ECB Pitch Adviser for Cambridgeshire, MEL POOLEY, talks about the continuing success of the ECB and the Channel 4 Cricket Groundsman Trailer
Dateline: Cambridgeshire 2003. Things are normally peaceful and not very much is happening on the cricket scene. The groundsmen, mostly volunteer or part time, are going about their business tending the cricket grounds and producing pitches for their weekend games. Most of this fine body of people have very little equipment and very little training on the ins and outs of producing cricket pitches.
Traditionally, in this county, cricket groundsmen are from an agricultural background because they have some knowledge of soils and of growing crops, and are able to pass this knowledge on to their successors. And so, the cricket groundsman evolved. At this point I must say a big thank you to these people who enabled me to play cricket and have many hours of enjoyment.
Going back to that dateline. In 2003 things started happening in Cambridgeshire cricket which was being mirrored up and down the country. The structure of cricket was changing to give a clear pathway for the development of young cricketers. Included in this restructuring of the game was coaching and grounds or, more specifically, cricket pitches.
The ECB, in conjunction with the IOG, agreed to train a pitch adviser for every county. Each pitch adviser working under the umbrella of their County Cricket Board, which were launched at the same time, to help administer all the changes that were taking place.
The pitch adviser’s roll was to set up an effective Cricket Groundsman’s Association within their own county to bring club and professional groundsmen together. This would enable bulk buying of loams etc. to help lower the cost of renovations to the squares. It was also hoped there could be a sharing of knowledge which could benefit all.
At this time a deal was made with Channel 4 television who were, at the time, covering domestic Test Match cricket, to fund equipment that would be available to the clubs at the grass roots of cricket. This resulted in the Channel 4 Groundsman’s Trailer, equipped with machinery and tools to enable clubs to carry out end of season renovations. A trailer was provided to every county that had a Groundsman’s Association constituted under the CCB.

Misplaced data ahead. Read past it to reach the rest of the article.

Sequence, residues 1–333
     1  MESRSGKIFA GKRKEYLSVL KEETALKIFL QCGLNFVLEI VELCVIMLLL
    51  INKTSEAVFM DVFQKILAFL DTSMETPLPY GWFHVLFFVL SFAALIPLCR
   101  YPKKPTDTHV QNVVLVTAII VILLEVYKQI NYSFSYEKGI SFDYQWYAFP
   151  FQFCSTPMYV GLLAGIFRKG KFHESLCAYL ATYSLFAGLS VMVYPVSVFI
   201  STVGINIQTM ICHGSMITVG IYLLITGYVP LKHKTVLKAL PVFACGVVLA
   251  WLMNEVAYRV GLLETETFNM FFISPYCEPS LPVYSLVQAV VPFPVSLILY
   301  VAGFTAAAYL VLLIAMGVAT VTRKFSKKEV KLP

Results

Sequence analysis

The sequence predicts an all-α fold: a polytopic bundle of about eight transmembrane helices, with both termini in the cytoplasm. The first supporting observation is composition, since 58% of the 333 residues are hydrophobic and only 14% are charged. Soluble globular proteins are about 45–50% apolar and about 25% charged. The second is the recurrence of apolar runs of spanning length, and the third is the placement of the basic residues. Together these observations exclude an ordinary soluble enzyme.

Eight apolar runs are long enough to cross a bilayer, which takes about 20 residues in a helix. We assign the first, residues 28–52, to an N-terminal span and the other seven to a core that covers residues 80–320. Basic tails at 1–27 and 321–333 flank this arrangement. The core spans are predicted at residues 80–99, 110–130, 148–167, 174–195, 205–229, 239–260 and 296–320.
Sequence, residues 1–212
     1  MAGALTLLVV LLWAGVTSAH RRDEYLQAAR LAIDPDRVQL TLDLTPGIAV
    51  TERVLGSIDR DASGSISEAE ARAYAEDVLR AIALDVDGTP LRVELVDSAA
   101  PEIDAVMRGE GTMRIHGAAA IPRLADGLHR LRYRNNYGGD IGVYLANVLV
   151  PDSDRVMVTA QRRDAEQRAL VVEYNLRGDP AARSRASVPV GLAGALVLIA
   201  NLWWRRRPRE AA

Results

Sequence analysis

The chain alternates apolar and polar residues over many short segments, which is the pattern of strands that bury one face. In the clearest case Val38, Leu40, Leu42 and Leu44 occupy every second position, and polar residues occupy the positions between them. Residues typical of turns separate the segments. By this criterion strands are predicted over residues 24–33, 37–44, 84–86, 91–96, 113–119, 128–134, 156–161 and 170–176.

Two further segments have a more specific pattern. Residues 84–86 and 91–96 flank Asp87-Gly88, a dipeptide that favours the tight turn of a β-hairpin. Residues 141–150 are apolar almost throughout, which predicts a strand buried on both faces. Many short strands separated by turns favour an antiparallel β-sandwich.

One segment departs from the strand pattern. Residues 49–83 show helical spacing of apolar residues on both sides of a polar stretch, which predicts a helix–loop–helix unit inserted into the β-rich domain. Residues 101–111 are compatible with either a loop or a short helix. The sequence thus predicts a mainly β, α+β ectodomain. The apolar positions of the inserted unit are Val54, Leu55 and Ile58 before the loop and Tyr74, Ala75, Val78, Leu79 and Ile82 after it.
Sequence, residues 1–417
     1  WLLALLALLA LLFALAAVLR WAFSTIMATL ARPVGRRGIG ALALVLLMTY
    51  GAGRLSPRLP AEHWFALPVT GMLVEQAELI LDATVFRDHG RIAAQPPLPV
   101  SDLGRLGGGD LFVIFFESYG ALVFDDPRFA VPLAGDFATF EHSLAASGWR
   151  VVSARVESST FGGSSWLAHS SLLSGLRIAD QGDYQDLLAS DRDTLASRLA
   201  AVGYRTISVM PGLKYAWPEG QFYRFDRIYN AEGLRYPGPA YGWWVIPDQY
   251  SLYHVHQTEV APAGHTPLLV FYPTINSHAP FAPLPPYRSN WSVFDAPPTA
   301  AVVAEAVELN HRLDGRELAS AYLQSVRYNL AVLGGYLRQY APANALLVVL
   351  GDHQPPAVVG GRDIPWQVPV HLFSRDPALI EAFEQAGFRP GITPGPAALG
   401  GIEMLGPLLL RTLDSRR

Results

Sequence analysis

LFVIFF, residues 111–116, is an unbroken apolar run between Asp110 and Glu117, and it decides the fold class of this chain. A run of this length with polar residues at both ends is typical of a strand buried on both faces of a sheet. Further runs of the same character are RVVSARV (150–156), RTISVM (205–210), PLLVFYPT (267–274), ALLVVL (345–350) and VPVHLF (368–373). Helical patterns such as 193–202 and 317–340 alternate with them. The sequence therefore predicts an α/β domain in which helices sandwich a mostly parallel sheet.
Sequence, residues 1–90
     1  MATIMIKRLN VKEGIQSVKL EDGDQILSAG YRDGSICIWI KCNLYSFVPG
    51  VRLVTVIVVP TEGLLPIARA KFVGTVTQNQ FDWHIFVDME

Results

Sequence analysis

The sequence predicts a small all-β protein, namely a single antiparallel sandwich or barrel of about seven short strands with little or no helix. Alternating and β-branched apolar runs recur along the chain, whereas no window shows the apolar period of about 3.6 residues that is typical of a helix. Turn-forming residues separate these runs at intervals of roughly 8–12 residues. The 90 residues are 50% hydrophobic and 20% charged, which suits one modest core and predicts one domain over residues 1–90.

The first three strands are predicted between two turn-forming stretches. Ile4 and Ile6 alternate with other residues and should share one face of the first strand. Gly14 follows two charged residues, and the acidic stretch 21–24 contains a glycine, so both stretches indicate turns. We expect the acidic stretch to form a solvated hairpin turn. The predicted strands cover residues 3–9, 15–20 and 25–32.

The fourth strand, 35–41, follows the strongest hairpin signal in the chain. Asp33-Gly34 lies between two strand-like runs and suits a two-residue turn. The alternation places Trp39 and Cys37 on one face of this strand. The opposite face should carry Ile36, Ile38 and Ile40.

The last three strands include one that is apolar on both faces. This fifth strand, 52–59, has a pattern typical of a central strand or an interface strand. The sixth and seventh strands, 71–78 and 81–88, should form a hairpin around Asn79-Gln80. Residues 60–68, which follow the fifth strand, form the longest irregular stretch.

Cambridgeshire received their trailer in the summer of 2005 and training days were organised to ensure the safe use of the equipment. The trailer was quickly booked for work across the county and, in the first year, twelve clubs were able to use the equipment to improve their end of season renovations.
There were some reservations about some of the equipment on the trailer but this was addressed and the associations across the country were able to replace the equipment if they felt the need.
The Cambridgeshire trailer had a very successful 2006 season and was used at sixteen different venues. To make this work it was down to one person taking responsibility for the administration of the trailer, and arranging the collection and return of the trailer to its base. Maintenance was also the responsibility of the administrator, to make sure the equipment was in a good and safe condition.
At the end of the 2006 season the Groundsman’s Association committee decided to replace the existing aggressive scarifier with a more user-friendly machine. The decision was taken to replace it with a Sisis Auto 5 machine, which had tungsten tip blades for better wear. It was felt that a deep scarifier was not the right machine for amateur use and, if the thatch was so deep, other methods of removal would be more suited.
Just a thought here. How much thatch can actually be removed by these high-powered machines? Take a scarifying reel for example. The blades are set at approx 20mm apart and the blade width is 3mm so, with each pass, the best that can be achieved is 15% removal. Two passes are as much as would be possible because of the cubing effect of any more passes. So 30% is the very best that can be achieved. Assuming that the work is carried out in dry conditions, as is usually done by operators, and a blower is used for removing the debris some of the thatch is blown back into the slits from where it was removed, so considerably less is removed.
With the machinery fund making money available for equipment, Cambridgeshire Groundsman’s Association decided that a second trailer of equipment would be of huge benefit to clubs in the county.
An application was put together and was granted by the ECB. The second trailer was available for the 2007 season. Both trailers are now equipped with Sisis Auto 5 scarifying machines with brush attachments for cleaning off the debris. Both have Groundsman Pedestrian Aerators and Sisis drop spreaders instead of the troublesome spreader on the original trailer.
Both trailers have been working flat out around Cambridgeshire and are now embedded into the end of season renovation programme throughout the county.
A fee is charged for the use of the trailer and this money is used for maintenance of the equipment. Any surplus money will go towards any other equipment the committee thinks would benefit clubs in Cambridgeshire.